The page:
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|Case Number:||Environment and Land Case 96 of 2020|
|Parties:||CKK Estate (1973) Limited v County Government of Kiambu & Kimani Ranji Kamaguri(MCA Ndumberi Ward)|
|Date Delivered:||08 Oct 2021|
|Court:||Environment and Land Court at Thika|
|Judge(s):||Lucy Nyambura Gacheru|
|Citation:||CKK Estate (1973) Limited v County Government of Kiambu & another  eKLR|
|Court Division:||Environment and Land|
|Case Outcome:||Notice of Motion Application dismissed|
|Disclaimer:||The information contained in the above segment is not part of the judicial opinion delivered by the Court. The metadata has been prepared by Kenya Law as a guide in understanding the subject of the judicial opinion. Kenya Law makes no warranties as to the comprehensiveness or accuracy of the information|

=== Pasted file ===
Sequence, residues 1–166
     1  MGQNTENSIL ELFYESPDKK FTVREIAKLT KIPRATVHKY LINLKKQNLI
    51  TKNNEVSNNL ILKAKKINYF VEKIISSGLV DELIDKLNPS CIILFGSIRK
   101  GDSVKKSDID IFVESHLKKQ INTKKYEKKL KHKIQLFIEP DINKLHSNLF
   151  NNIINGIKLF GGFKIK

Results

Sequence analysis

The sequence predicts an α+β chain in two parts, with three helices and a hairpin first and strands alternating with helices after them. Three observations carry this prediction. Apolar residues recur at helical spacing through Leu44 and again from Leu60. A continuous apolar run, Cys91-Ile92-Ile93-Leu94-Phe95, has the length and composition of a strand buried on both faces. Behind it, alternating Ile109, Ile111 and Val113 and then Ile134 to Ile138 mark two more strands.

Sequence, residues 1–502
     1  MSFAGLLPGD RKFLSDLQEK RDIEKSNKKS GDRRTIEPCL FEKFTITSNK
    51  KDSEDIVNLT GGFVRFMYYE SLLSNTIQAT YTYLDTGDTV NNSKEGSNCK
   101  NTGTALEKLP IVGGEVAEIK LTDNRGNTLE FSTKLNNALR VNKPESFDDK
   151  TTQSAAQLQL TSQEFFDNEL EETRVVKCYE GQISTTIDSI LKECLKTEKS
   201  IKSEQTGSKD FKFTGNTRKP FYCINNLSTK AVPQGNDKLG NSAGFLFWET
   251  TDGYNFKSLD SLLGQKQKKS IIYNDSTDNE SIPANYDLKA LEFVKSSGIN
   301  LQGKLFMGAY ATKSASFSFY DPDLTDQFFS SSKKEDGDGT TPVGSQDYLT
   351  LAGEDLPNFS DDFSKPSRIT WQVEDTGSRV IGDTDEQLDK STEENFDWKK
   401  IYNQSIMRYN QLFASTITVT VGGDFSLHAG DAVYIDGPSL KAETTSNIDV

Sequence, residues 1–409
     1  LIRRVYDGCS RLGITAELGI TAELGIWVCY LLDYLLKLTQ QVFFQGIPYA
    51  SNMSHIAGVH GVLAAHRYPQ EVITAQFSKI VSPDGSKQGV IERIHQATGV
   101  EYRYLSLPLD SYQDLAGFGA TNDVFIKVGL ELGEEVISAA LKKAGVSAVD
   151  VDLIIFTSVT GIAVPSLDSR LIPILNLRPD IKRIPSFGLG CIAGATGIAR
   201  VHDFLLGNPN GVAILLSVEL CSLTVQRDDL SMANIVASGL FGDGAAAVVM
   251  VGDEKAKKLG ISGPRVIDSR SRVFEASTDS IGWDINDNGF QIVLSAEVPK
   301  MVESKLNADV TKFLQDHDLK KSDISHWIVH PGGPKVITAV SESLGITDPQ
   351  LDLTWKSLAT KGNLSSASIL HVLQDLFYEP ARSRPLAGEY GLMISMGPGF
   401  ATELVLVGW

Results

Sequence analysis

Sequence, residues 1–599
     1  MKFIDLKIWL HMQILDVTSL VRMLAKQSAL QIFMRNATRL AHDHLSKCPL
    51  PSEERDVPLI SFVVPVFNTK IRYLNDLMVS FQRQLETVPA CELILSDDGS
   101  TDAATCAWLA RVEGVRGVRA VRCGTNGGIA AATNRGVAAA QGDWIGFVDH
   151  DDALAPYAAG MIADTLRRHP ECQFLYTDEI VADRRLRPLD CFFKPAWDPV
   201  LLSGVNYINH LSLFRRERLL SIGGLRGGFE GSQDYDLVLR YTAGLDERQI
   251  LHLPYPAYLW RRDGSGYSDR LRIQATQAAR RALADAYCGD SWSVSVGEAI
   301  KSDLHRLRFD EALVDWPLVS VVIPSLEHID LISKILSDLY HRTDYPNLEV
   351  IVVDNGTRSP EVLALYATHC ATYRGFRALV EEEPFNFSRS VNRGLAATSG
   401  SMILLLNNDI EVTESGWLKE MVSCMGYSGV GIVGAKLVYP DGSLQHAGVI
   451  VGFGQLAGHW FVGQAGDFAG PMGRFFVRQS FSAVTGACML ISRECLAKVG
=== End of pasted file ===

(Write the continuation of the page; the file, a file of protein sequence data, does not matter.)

REPUBLIC OF KENYA
IN THE ENVIRONMENT AND LAND COURT
ELC CASE NO. 96 OF 2020
CKK ESTATE (1973) LIMITED..................................................................PLAINTIFF/APPLICANT
COUNTY GOVERNMENT OF KIAMBU...................................1ST DEFENDANT/RESPONDENT
KIMANI RANJI KAMAGURI (MCA NDUMBERI WARD)...2ND DEFENDANT/RESPONDENT
The matter for determination is the Notice of Motion Application, dated 11th February 2021, by the Plaintiff/ Applicant seeking for orders that ;
1. THAT the 1st Defendant’s statement of Defence dated 9th December 2020, be struck out.
2. That Judgment be entered for the Plaintiff/ Applicant as prayed in the Plaint dated 1st October 2020.